Maize prices have plunged, with farmers in some rural areas selling it at K15 per kg, which is 57 percent lower than the minimum farm gate price of K35 per kg.
The low maize price may well be fine for town dwellers with the ever-rising cost of living; but it is definitely bad for the farmers; because it is far much less compared to the cost of production which includes inputs such as seed, chemicals, fertiliser and labour.
In its Basic Needs Basket for April 2012, Centre for Social Concern (CfSC) said it is worried because when prices are low, producers hardly find enough money to buy farm in-puts for the following growing season.
CfSC has since called on government to adopt a regulatory approach to maize, arguing that as it stands, it is the intermediaries (traders) benefiting from maize growing than the producers themselves.
â€œWe applaud the Ministry of Agriculture for introducing the minimum farm gate prices for agricultural produce. By setting minimum prices, producers can anticipate the prices and that enables them to plan for the future.
â€œIn spite of introducing the minimum prices, most producers are â€˜forcedâ€™ to sell their crops at a lower price to middlemen because Admarc delays in buying from farmers. Thus, government ought to re-enforce these minimum farm gate prices by raising awareness among small producers. Admarc also ought to start buying maize from farmers in good time so as to protect them from being exploited by traders,â€ the report reads in part.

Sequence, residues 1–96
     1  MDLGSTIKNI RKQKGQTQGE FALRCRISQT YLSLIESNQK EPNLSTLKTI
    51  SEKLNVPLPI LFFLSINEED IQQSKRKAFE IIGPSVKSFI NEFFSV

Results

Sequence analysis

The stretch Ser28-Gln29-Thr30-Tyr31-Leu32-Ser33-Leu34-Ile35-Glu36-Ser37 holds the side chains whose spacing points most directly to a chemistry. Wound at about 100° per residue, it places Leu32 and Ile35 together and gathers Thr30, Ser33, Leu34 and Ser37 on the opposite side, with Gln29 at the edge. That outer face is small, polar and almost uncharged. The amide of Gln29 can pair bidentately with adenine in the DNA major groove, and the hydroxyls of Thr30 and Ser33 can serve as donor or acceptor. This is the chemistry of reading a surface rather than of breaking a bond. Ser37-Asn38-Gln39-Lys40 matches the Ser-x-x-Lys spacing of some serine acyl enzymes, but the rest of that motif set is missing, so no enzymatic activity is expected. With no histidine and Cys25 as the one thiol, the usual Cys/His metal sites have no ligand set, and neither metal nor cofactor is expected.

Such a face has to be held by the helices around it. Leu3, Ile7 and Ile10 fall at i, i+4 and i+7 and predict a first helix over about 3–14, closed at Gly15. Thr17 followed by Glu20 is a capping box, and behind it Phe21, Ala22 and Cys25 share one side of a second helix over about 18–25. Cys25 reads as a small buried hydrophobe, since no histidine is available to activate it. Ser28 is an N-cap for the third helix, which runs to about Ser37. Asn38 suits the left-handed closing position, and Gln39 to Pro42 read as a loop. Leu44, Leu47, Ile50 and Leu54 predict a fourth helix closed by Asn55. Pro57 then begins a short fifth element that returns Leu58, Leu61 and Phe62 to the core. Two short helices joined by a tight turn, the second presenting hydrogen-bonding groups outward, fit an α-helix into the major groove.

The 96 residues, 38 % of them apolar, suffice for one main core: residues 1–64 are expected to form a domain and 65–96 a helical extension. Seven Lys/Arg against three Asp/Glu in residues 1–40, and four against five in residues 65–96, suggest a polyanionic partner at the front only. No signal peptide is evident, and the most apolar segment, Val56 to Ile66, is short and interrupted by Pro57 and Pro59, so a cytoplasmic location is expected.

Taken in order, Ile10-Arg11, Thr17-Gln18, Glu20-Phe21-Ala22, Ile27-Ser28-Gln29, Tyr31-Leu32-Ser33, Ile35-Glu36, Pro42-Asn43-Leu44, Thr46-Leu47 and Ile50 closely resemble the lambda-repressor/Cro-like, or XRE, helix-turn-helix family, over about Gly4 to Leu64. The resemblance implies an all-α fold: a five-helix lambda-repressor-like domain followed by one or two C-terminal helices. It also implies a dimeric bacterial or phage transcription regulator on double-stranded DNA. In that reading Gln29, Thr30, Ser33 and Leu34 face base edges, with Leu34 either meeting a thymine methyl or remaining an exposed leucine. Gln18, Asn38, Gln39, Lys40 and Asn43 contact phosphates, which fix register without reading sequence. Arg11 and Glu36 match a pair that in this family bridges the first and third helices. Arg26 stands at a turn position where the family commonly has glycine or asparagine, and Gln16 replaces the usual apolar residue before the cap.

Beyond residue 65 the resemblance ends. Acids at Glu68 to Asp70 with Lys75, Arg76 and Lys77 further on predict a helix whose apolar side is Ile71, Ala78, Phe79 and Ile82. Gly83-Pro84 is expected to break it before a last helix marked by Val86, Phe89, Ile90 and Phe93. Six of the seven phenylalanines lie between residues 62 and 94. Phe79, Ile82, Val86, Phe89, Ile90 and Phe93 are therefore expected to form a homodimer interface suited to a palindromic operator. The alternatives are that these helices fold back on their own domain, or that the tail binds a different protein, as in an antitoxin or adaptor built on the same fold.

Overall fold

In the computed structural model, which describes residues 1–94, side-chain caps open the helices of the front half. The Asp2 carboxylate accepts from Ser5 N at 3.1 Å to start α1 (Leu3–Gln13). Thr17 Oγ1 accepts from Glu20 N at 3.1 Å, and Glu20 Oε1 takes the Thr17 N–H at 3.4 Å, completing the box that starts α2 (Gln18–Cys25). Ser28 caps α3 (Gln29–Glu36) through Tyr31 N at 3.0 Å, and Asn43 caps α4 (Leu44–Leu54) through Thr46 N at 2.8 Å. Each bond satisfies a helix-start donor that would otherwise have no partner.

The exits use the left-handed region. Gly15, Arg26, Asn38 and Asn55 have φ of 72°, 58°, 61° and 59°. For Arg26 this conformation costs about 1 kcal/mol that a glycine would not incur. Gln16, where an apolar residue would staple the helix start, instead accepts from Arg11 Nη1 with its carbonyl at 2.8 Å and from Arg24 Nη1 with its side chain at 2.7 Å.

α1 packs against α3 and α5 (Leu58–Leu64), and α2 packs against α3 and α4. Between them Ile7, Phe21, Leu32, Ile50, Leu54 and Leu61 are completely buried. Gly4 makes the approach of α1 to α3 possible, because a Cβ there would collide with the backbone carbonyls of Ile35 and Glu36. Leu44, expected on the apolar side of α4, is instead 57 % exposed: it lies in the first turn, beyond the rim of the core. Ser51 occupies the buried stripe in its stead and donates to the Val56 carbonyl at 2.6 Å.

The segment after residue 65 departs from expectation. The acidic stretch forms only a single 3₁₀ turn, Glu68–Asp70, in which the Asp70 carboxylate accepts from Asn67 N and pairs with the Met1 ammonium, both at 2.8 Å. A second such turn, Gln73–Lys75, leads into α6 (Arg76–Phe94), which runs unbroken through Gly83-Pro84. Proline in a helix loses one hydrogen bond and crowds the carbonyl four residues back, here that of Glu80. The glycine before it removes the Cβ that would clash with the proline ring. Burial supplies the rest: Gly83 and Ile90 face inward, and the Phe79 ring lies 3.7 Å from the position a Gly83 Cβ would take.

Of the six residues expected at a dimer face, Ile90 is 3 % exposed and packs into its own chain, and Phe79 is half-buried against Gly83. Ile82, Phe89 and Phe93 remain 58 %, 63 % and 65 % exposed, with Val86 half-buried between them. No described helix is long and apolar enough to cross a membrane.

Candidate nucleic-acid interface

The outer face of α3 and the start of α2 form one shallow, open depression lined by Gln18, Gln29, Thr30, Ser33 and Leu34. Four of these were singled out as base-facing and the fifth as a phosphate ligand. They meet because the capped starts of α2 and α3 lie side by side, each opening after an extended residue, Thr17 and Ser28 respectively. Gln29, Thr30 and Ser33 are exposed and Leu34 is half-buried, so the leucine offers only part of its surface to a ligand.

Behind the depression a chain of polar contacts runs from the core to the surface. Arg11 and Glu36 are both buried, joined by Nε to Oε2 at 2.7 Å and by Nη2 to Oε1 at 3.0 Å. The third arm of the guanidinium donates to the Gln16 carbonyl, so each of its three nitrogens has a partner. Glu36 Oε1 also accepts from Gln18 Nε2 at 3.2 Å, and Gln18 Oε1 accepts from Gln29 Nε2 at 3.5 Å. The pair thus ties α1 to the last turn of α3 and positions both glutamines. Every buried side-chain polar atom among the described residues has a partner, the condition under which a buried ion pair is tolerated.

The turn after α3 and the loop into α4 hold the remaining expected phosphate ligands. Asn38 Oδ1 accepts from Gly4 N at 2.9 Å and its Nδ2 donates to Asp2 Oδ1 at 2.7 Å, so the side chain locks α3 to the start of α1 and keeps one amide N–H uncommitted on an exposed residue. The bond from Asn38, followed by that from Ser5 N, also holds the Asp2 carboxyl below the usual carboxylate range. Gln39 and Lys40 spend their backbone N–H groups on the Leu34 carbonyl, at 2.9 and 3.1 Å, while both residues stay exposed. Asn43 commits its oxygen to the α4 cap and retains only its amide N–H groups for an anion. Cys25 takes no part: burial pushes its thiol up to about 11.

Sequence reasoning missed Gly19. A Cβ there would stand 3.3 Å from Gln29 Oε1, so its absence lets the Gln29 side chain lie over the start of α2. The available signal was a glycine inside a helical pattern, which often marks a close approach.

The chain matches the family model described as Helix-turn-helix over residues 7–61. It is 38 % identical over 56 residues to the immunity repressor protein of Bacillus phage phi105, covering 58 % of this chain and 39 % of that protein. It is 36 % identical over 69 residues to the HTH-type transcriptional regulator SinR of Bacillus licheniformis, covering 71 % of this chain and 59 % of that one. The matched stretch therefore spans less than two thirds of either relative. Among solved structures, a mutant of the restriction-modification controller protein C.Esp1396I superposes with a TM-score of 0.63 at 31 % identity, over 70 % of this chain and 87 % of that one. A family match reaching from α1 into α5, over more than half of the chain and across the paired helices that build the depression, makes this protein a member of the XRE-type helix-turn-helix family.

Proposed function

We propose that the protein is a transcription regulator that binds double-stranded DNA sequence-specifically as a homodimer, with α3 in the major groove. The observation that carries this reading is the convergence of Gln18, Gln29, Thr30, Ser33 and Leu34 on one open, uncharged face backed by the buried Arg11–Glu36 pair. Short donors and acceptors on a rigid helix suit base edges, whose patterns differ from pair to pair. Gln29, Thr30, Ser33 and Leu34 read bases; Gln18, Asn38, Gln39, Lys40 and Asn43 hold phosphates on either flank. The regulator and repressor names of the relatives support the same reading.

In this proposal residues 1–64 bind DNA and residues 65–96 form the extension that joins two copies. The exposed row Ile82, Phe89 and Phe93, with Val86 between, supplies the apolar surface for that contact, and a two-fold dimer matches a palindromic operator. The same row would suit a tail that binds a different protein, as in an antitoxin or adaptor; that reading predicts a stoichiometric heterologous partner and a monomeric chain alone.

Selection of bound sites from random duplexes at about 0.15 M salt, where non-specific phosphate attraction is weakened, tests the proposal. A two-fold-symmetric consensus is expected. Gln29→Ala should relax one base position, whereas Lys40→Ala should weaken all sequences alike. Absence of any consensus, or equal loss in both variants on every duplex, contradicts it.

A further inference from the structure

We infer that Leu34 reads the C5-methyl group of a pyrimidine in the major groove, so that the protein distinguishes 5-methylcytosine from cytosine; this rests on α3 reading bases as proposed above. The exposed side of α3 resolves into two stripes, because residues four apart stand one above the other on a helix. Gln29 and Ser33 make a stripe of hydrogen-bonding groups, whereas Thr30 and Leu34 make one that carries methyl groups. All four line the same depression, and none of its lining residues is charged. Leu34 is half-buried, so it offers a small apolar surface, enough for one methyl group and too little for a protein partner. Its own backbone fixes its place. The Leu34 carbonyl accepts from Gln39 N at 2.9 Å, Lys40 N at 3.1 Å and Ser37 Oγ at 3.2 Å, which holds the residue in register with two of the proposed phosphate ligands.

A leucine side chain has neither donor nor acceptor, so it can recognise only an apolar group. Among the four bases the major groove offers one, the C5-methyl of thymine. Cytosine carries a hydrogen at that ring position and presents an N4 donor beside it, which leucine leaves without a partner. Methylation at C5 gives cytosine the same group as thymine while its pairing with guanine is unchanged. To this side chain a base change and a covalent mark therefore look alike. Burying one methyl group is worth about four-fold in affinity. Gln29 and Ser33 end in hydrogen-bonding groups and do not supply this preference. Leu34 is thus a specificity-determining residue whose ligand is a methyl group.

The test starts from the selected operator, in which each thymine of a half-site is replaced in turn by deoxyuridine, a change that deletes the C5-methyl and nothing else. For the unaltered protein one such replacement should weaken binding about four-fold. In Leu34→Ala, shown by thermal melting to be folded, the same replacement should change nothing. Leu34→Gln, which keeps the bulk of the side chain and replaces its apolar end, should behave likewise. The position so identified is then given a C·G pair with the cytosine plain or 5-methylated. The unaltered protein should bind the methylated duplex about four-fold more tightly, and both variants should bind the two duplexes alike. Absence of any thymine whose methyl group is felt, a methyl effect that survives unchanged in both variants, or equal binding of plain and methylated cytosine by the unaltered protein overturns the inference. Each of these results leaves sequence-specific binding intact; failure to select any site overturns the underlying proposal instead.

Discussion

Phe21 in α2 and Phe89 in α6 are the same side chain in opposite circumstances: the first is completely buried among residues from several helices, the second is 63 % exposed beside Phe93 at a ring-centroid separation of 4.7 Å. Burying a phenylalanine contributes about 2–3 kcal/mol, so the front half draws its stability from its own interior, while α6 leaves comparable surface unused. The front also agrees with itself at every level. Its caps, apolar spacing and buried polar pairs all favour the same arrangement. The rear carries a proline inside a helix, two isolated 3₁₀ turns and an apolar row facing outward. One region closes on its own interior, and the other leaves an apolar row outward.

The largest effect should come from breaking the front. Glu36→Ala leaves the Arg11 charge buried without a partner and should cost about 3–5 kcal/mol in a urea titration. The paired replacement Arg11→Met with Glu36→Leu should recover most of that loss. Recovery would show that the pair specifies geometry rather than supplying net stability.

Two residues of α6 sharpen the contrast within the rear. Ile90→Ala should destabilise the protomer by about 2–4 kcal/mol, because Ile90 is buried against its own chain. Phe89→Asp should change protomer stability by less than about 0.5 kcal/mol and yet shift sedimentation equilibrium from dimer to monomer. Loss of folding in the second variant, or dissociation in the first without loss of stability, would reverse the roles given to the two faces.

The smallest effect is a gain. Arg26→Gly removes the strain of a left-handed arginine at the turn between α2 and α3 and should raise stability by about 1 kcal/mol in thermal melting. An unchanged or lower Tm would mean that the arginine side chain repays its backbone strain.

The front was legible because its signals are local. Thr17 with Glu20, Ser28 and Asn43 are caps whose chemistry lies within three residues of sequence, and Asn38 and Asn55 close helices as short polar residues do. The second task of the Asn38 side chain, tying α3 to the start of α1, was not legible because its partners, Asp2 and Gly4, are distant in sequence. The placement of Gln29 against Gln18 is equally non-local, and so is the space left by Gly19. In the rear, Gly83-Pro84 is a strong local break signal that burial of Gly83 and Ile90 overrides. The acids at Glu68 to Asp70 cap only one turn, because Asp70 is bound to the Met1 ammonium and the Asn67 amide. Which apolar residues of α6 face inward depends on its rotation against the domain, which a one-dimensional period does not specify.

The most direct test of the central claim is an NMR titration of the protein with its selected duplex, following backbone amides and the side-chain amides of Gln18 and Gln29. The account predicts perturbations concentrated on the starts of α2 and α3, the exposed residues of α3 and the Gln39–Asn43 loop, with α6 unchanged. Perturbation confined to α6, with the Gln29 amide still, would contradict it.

Ministry of Agriculture and Food Security spokesperson Sarah Tione acknowledged in a written response to a questionnaire last week that farmers in need of cash are currently selling their maize.
She said with liberalisation, government supports the producers by giving them the necessary information for them to make good decisions.
â€œOne such way is the release of minimum prices, but the need for quick cash is what might be pushing farmers to sell their maize. As a way of making sure that farmers benefit from their labour, we have officers across the country to disseminate the required information to the farmers.
â€œFurther to that, government collaborates with private traders to advocate for the need to offer prices that do not reap off farmers from their labour and also collude on prices offered. But as indicated, most of the farmers selling their maize are in desperate need for cash; maybe because that is the only crop they produced,â€ said Tione.
Farmers Union of Malawi (FUM) president Felix Jumbe warned last week that selling maize, which is the countryâ€™s staple crop, does not necessarily imply overproduction at household level, but producers are pressed to sell and raise funds for their basic needs and other non-farm commodities such as school fees, clothes and also meeting their medical expenses.